Blevins v. Henry Doorly Zoo

Filing 47

MEMORANDUM AND ORDER denying 27 Defendant's Motion for Summary Judgment; denying as moot 33 Plaintiff's Motion for Extension of Time. Ordered by Chief Judge Joseph F. Bataillon. (SMS, )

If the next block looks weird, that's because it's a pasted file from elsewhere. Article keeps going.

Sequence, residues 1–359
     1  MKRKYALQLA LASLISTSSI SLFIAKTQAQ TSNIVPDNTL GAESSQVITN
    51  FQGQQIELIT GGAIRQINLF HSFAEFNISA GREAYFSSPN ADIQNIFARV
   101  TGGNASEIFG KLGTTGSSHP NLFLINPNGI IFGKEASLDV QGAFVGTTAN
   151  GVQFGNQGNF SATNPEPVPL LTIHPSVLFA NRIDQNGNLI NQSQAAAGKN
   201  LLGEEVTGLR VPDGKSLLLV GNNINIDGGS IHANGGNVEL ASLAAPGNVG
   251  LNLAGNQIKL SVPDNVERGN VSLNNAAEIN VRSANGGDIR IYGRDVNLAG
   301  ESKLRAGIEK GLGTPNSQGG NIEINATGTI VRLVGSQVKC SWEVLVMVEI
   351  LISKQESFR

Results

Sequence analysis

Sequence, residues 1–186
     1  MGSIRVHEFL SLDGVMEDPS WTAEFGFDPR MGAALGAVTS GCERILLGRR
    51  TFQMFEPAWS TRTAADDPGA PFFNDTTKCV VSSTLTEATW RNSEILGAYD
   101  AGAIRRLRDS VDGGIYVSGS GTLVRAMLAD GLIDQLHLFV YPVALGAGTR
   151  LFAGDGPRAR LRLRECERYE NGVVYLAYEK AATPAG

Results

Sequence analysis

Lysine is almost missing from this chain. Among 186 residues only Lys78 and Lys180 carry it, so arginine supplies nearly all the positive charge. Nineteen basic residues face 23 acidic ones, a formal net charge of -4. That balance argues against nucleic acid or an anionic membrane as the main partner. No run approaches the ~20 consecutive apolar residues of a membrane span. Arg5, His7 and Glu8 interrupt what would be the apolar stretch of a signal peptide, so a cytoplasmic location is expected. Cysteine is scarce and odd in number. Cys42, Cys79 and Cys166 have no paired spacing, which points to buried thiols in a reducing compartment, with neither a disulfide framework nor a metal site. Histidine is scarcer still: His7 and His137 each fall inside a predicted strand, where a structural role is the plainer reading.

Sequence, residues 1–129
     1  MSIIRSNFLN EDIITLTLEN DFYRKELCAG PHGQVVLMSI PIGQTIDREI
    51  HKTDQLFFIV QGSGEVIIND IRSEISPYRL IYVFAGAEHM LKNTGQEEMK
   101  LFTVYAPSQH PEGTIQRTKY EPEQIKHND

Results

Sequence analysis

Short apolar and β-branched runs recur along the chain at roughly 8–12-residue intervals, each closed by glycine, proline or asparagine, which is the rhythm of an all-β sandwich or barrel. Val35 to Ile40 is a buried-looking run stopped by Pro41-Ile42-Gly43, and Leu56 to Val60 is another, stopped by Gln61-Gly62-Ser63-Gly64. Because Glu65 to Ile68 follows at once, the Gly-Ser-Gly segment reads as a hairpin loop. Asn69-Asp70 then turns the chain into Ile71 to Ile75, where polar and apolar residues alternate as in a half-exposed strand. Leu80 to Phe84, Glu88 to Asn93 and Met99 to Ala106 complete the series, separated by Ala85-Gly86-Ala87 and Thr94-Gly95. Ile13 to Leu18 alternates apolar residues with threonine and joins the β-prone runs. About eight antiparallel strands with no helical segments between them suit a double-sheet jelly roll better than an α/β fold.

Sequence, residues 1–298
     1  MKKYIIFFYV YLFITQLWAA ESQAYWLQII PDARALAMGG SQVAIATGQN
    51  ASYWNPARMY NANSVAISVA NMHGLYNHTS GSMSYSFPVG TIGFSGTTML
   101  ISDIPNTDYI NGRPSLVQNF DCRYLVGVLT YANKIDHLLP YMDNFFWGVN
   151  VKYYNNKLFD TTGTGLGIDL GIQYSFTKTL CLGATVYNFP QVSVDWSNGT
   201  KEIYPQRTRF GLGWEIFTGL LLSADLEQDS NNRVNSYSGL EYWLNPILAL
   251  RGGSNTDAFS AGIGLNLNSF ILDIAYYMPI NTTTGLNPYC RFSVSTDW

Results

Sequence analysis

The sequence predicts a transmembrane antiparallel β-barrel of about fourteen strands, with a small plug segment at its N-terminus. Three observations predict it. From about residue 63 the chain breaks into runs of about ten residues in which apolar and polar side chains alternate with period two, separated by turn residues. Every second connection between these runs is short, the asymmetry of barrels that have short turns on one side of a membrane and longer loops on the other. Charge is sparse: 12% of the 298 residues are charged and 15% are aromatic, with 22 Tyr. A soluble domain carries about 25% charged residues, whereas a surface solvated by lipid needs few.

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IN THE UNITED STATES DISTRICT COURT FOR THE DISTRICT OF NEBRASKA W ENDY J. BLEVINS, Plaintiff, v. HENRY DOORLY ZOO, Defendant. ) ) ) ) ) ) ) ) ) ) 8:07CV285 MEMORANDUM AND ORDER This matter is before the court on the defendant's motion for summary judgment, Filing No. 27.1 This is an action for pregnancy discrimination in employment under Title VII of the Civil Rights Act of 1964, as amended by the Pregnancy Discrimination Act ("PDA"), 42 U.S.C. 2000e(k). The defendant asserts that uncontroverted evidence shows that plaintiff cannot establish a prima facie case of pregnancy discrimination. I. Facts The evidence submitted in connection with the motion establishes the following. See Filing Nos. 28, 35, & 37, Briefs, Statements of Uncontroverted Facts; Filing Nos. 29, 36 & 38, Indices of Evidence. Plaintiff Wendy Blevins was employed by defendant Henry Doorly Zoo ("the Zoo"), first as an intern and later as a full-time Keeper, from May 2002 to October 6, 2006. She was assigned to work in the Desert Dome. Her duties as a Keeper included daily husbandry and care associated with feeding, cleaning animal enclosures, responsibility for animal collection, diet preparation, building and grounds upkeep, animal enrichment, observations, record keeping, routine animal medications, public interaction, Also pending is the plaintiff's unopposed m o tio n for an extension of tim e in which to respond to the d e f e n d a n t 's m o t io n , Filing No. 33. The defendant has filed a response and the court has considered the m a t e r i a ls . The m o t io n for an extension of tim e will accordingly be denied as m o o t . 1 and maintaining the functions of an indoor desert. Filing No. 29, Index of Evid., Ex. 18, Affidavit of Craig Jacobs ("Jacobs Aff.") at 2. The job required the ability to lift 50 pounds routinely in a highly physical work environment with varying temperatures and climates. Id. All new Zoo employees receive an Employee Handbook that sets out employee appearance requirements. Id. at 1-2; Ex. 5, Employee Manual at 11-12. Zoo employees are required to wear zoo-issued uniforms to work and, specifically, are to wear khaki shorts or dark brown pants. Id., Ex. 2, Deposition of Kay Klatt ("Klatt Dep.") at 14; Ex. 4, Deposition of Sarah M. Hasslinger ("Hasslinger Dep.") at 16; Ex. 5, Employee Manual at 11-12. At all times relevant to this litigation, Dan Cassidy was employed as the Zoo's General Curator. Craig Jacobs was employed as the Zoo's Associate Director of Human Resources. Alan Holst was employed as the Zoo's Supervisor of the Desert Dome and was the plaintiff's supervisor. He was responsible for overseeing the Keepers, including Blevins, and had authority to discipline Blevins. Dan Cassidy was Holst's immediate supervisor. Kay Klatt was Assistant Supervisor of the Desert Dome and was plaintiff's supervisor. Klatt was supervised by Alan Holst. Sarah Hasslinger was employed as a Keeper and was a co-worker of the plaintiff. Holst and Klatt also supervised Hasslinger. During the course of her employment at the Zoo, plaintiff was married and changed her name from Wendy Wilbur to Wendy Blevins. She informed the Zoo management that she was pregnant in July 2006. Blevins' physician required Blevins to avoid contact with the feces and urine of felines and other animals carrying toxoplasmosis and she produced documentation to that effect. Filing No. 29, Defendant's Index of Evid., Ex. 8, Letter. The Zoo modified her duties accordingly, providing a schedule that included feeding the 2 animals and birds in the outperimeter of the Desert Dome, cleaning the back rooms in the Kingdom of the Night, preparing all building diets, and cleaning the diet kitchen. Id., Ex. 9, Modified Duty Memo; Ex. 2, Klatt Dep. at 25-26. Blevins has presented evidence that her supervisors made several arguably derogatory comments regarding her pregnancy, including a comment by Kay Klatt that Blevins would not survive at the zoo until the end of her pregnancy. Filing No. 29, Defendant's Index of Evid., Ex. 1, Deposition of Wendy Blevins ("Blevins Dep.") at 85, 9498 & 108. Plaintiff also adduced evidence that she had been told that she could wear any pants that matched the color of the zoo's uniform pants, khaki or brown. Filing No. 36, Plaintiff's Index of Evid., Ex. 2, Hasslinger Dep. at 16. Blevins testified in her deposition that she was admonished for wearing pants to work that were not zoo-issued and was offered larger men's zoo-issued pants to wear as her uniform. Filing No. 29, Defendant's Index of Evid., Ex. 1, Blevins Dep. at 68-70. She testified that the Zoo refused to allow her to wear comfortable maternity pants. Id. at 72. On September 28, 2006, Kay Klatt asked Blevins to lift a heavy bucket of dirt over a fence in a prairie dog enclosure that Blevins was cleaning. Id. at 83-84. Plaintiff replied that she was unable to do so and solicited the help of a co-worker to lift the buckets. Id. at 88-89. Kay Klatt then reported to Holst that plaintiff had refused to work. Id., Ex. 3, Deposition of Alan Holst ("Holst Dep.") at 44. Klatt and Holst sent Jacobs an e-mail about Blevins' work performance and failure to adhere to the dress code on October 3, 2006. Id. at 47; Ex. 18, Jacobs Aff. at 3; Ex. 12, E-mail communication at 1. On October 3, 2006, the plaintiff was terminated from employment. Filing No. 36, Plaintiff's Index of Evid., Ex. 1; Filing No. 29, Defendant's Index of Evid., Ex. 18, Jacobs Aff. at 3. Her termination was 3 based on a determination that she was "in direct violation of the Zoo Employee Handbook policy, Section VII, item d, Involuntary Termination." Filing No. 36, Plaintiff's Index of Evid., Ex. 1, termination letter. In the letter, Jacobs stated that "[t]his step is usually taken only when it is clear in the opinion of Zoo management that the employee has failed to demonstrate ability and/or intent to comply with established job requirements or Zoo policies or act in the best interest of the Zoo," specifically, her "inability to meet performance standards." Id. The Zoo admits that she was terminated for inability to meet performance standards, insubordination and "her attitude." Filing No. 37, Defendant's Reply Brief at 5. The evidence also shows that Blevins had been meeting the Zoo's legitimate employment expectations at the time of her performance reviews in 2005 and 2006. Filing No. 29, Defendant's Index of Evid. , Exs. 6 & 7, performance evaluations. Blevins has also adduced evidence that uniform requirements were not strictly enforced against other employees and that documentation of pregnancy restrictions was not required of other employees. Id., Ex. 1, Blevins Dep. at 52; Filing No. 36, Plaintiff's Index of Evid., Ex. 2, Hasslinger Dep. at 15-16. II. Law On a motion for summary judgment, the question before the court is whether the record, when viewed in the light most favorable to the nonmoving party, shows that there is no genuine issue as to any material fact and that the moving party is entitled to judgment as a matter of law. Woods v. DaimlerChrysler Corp., 409 F.3d 984, 990 (8th Cir. 2005). The burden of establishing the nonexistence of any genuine issue of material fact is on the moving party. Adickes v. S.H. Kress & Co., 398 U.S. 144, 157 (1970). Therefore, if defendant does not meet its initial burden with respect to an issue, summary judgment 4 must be denied notwithstanding the absence of opposing affidavits or other evidence. Id., 398 U.S. at 159-60. Once defendant meets its initial burden of showing there is no genuine issue of material fact, plaintiff may not rest upon the allegations of his or her pleadings but rather must set forth specific facts, by affidavit or other evidence, showing that a genuine issue of material fact exists. See Fed. R. Civ. P. 56(e)(2); Chism v. W.R. Grace & Co., 158 F.3d 988, 990 (8th Cir. 1998). "In ruling on a motion for summary judgment, a court must not weigh evidence or make credibility determinations." Kenney v. Swift Transp., Inc., 347 F.3d 1041, 1044 (8th Cir. 2003). It is not the court's role to decide the merits. See Anderson v. Liberty Lobby, Inc., 477 U.S. 242, 249 (1986) (on motion for summary judgment, district court should not weigh evidence or attempt to determine truth of matter). The court must simply determine whether there exists a genuine dispute of material fact. Bassett v. City of Minneapolis, 211 F.3d 1097, 1107 (8th Cir. 2000). Title VII makes it an unlawful employment practice to discharge an individual "because of such individual's sex," and "because of sex" includes "because of . . . pregnancy, childbirth, or related medical conditions." 42 U.S.C. 2000e(k), 2000e-2(a)(1). Under the 1991 amendments to Title VII, an unlawful employment practice is established when a complaining party demonstrates that sex (including pregnancy) was "a motivating factor" for a discharge, even though other factors also motivated the discharge. 42 U.S.C. 2000e-2(m); see Deneen v. Northwest Airlines, Inc., 132 F.3d 431, 435-36 (8th Cir. 1998). A plaintiff may survive a motion for summary judgment either by presenting "direct evidence" of discrimination, or by creating the requisite inference of discrimination, including sufficient evidence of pretext, under the burden-shifting analysis of McDonnell 5 Douglas Corp. v. Green, 411 U.S. 792, 802-04 (1973). Roberts v. Park Nicollet Health Servs., 528 F.3d 1123, 1127 (8th Cir. 2008). At the summary judgment stage, the issue is whether the plaintiff has sufficient evidence that unlawful discrimination was a motivating factor in the defendant's adverse employment action; if so, then the presence of additional legitimate motives will not entitle the defendant to summary judgment. Id. at 1127. Summary judgment should seldom be granted in discrimination cases. Heaser v. Toro, 247 F.3d 826, 830 (8th Cir. 2001). III. Analysis The court has reviewed the evidence submitted in connection with the motion. Viewed in the light most favorable to the plaintiff, the evidence demonstrates that there is a genuine dispute for trial on the issue of whether the defendant's stated reason for Blevins' termination was pretextual and whether Blevins' pregnancy was a motivating factor in the employment decision. It is not disputed that the plaintiff is a member of a group protected by the Pregnancy Discrimination Act. The evidence shows that Blevins had been meeting the expectations of her employer at the time of her performance evaluation in March 2006. The evidence also shows that she suffered an adverse employment action in that she was terminated from her employment as a keeper at the Zoo. There is evidence that supervisors made arguably negative comments about her pregnancy, refused to allow her to wear maternity clothes, and treated her differently than other employees. This evidence is sufficient to create an inference of discrimination so as to survive a motion for summary judgment. Accordingly, the court finds that defendant's motion for summary judgment should be denied. 6 IT IS ORDERED: 1. 2. Defendant's motion for summary judgment (Filing No. 27) is denied; Plaintiff's unopposed motion for an extension of time (Filing No. 33) is denied as moot. DATED this 14th day of November, 2008. BY THE COURT: s/ Joseph F. Bataillon Chief United States District Judge 7